Simon has written a short Python code solving the Towers of Hanoi puzzle: https://repl.it/@simontiger/Towers-of-Hanoi

# Category Archives: Python

# Why the Golden Ratio and not -1/the Golden Ratio?

Take any real number and call it x. Then plug it into the equation f(x) = 1 + 1/x and keep doing it many times in a row, plugging the result back into the equation.

At some point you will see that you arrive at a value that will become stable and not change anymore. And that value will be… φ, the golden ratio!

But this equation also has another answer, -1/φ. If you plug that value into the equation, it will be the same, too. The real magic happens once you have rounded the -1/φ down (or up), i.e. once what you plug into the equation is no longer exactly -1/φ. What happens is that, if you keep going, you will eventually reach… φ as your answer!

Simon saw this interesting fact in a video by 3Blue1Brown and then came up with a proof as to why it happens.

Simon also sketched his proof in GeoGebra: https://www.geogebra.org/classic/zxmqdspb

# Prime Generation Algorithm in Python

Simon has written a code in Python that generates primes using the finite list from Euclid’s proof that there are infinitely many primes. “Starting with one prime (2) the code uses the finite list to generate a couple more numbers that aren’t in the list but are primes. It may not even get to all the primes in the long run!” There is only one problem with Simon’s algorithm…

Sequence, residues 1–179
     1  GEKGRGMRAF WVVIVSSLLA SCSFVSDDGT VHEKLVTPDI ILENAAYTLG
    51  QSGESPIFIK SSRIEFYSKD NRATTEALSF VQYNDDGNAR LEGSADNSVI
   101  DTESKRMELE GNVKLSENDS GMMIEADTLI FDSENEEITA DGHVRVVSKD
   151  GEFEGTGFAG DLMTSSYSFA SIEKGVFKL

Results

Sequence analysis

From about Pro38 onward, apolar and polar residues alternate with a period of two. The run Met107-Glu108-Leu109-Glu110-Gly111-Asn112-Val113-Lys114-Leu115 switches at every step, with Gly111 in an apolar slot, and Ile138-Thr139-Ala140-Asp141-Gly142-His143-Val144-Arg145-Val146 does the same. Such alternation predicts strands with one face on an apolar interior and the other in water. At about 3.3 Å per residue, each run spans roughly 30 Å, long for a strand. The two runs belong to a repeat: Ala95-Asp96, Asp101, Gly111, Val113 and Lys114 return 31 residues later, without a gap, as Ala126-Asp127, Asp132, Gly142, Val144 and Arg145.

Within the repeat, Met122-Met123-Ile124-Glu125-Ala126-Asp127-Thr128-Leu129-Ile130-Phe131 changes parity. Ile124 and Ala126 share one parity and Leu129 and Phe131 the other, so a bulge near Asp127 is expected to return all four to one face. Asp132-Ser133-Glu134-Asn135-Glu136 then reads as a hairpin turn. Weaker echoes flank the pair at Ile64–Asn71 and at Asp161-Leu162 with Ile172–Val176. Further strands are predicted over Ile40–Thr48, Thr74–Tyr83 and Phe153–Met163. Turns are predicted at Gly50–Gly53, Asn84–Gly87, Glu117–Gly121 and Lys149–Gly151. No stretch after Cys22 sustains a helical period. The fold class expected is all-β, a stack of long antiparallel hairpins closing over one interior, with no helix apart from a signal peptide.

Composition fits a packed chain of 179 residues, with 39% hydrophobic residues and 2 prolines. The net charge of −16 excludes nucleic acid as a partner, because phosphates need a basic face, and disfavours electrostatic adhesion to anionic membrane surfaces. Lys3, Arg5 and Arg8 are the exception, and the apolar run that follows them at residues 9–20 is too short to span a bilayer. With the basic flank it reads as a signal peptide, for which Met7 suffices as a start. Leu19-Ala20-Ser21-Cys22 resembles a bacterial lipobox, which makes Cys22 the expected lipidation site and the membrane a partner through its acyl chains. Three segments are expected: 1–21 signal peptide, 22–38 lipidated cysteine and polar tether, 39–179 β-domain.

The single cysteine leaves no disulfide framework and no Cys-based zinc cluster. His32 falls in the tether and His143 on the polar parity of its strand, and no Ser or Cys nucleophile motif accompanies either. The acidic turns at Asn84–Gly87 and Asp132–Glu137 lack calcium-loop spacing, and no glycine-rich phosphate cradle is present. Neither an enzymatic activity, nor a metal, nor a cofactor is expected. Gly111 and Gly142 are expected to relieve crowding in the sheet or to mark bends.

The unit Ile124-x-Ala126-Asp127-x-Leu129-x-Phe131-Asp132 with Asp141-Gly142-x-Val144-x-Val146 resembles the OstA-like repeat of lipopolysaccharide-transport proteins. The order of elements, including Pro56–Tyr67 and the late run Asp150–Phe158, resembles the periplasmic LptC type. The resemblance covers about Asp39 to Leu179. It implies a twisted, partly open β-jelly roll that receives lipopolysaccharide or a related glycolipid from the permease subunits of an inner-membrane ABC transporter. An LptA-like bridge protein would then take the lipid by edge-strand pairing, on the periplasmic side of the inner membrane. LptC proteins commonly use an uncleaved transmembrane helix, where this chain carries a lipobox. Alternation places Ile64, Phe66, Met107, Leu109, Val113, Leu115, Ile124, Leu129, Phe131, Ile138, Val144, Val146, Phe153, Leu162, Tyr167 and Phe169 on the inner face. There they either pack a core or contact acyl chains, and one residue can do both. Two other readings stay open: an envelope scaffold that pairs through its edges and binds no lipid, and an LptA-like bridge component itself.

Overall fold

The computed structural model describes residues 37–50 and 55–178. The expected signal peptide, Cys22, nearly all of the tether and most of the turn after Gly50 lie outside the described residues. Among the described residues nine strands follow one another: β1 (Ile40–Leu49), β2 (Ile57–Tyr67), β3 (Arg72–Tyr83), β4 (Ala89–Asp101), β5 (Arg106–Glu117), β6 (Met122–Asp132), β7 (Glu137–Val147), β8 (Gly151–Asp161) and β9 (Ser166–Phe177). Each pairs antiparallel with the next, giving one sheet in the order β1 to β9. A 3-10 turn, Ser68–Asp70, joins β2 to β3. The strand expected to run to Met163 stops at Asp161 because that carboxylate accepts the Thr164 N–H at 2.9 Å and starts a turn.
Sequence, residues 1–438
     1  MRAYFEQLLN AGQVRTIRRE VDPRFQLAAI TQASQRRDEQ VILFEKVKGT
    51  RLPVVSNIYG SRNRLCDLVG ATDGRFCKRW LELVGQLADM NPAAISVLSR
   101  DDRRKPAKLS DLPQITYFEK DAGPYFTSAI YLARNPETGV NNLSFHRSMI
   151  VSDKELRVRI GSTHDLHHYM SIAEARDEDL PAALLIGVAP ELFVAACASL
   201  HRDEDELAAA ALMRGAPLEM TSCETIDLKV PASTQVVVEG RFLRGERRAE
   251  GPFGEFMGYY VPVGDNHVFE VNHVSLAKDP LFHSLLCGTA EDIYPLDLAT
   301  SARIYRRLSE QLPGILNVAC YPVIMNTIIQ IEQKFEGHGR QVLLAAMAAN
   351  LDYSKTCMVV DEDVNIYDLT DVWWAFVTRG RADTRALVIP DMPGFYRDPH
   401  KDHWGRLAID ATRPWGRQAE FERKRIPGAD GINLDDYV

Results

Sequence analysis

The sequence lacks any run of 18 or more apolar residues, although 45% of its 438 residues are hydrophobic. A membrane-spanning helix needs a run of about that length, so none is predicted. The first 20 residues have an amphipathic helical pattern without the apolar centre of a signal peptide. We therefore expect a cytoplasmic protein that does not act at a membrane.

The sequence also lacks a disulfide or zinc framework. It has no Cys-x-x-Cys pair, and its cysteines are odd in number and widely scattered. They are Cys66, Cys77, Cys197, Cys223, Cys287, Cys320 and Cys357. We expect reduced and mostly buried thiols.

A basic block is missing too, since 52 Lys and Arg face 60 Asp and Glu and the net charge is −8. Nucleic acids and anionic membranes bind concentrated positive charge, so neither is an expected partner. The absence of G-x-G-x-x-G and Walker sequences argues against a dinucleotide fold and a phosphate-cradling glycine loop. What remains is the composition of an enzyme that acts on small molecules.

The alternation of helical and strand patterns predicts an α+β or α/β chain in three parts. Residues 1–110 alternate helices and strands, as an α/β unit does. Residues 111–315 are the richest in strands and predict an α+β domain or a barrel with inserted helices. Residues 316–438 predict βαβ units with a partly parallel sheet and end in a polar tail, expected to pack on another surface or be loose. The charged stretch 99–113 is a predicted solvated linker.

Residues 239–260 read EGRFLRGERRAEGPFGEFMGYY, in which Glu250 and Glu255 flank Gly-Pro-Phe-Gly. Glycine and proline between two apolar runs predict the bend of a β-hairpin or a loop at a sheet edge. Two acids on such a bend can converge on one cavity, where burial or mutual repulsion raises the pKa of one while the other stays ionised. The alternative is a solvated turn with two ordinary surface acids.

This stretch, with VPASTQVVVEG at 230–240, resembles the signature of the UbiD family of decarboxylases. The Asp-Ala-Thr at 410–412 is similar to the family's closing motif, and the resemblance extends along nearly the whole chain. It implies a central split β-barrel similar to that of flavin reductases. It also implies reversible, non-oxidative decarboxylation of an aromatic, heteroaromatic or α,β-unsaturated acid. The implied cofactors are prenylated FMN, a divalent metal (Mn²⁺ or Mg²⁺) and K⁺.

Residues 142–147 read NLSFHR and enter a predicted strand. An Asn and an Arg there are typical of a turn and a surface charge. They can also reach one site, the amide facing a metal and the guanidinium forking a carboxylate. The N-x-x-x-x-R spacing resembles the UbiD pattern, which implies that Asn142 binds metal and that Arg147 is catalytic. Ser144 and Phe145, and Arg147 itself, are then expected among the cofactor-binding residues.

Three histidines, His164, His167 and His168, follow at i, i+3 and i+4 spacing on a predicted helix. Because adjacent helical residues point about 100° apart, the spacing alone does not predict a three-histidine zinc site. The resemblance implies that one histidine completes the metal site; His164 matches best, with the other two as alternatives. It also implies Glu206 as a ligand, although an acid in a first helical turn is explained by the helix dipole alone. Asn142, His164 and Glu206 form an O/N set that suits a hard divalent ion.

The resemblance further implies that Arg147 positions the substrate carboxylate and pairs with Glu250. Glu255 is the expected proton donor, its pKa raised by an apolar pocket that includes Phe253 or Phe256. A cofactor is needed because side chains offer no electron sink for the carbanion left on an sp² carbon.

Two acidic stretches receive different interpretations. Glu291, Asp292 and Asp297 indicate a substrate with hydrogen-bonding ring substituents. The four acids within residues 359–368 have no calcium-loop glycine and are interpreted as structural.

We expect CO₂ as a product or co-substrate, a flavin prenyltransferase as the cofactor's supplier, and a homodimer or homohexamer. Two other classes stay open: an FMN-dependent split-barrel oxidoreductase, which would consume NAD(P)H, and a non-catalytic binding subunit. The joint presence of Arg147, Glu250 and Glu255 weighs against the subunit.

Simon has written down Euclid’s proof in his own words first https://imgur.com/ML2tI6n

and then decided to program it in Python.

Resources:

https://www.programiz.com/python-programming/methods/list/remove

https://www.geeksforgeeks.org/iterate-over-a-set-in-python/

https://www.youtube.com/watch?v=OWJCfOvochA

https://numbermatics.com/n/10650056950807/

https://defuse.ca/big-number-calculator.htm

# It takes the sun to the ground, and violet on the observer’s eye.

Simon writes:

This amazing sentence is generated by a Markov Text-Generation Algorithm. What is a Markov Algorithm? Simply put, it generates the rules from a

source text, and it generates a new text that also follows those rules. The rules are often called theMarkov Blanket, and the new text is also called theMarkov Chain. OK, how does this all work?

Let’s take an example: let’s consider the source text to be “Hello, world!”. Then we pick a number called the

order. The higher the number, the more sense the text makes. We’ll pick 1 for the first examples, we’ll examine what happens with higher numbers later.

Then we generate the

Markov Blanket. This is a deterministic process. We start from the beginning: “H”. So we put H in our Markov Blanket. Then we come across “e”. So we put e in our Markov Blanket, but to specify that it’s next from H, we connect H to e by an arrow. Then we stumble on “l”. So we put l in our Markov Blanket, but again, to specify that it’s next from e, we connect e to l by an arrow.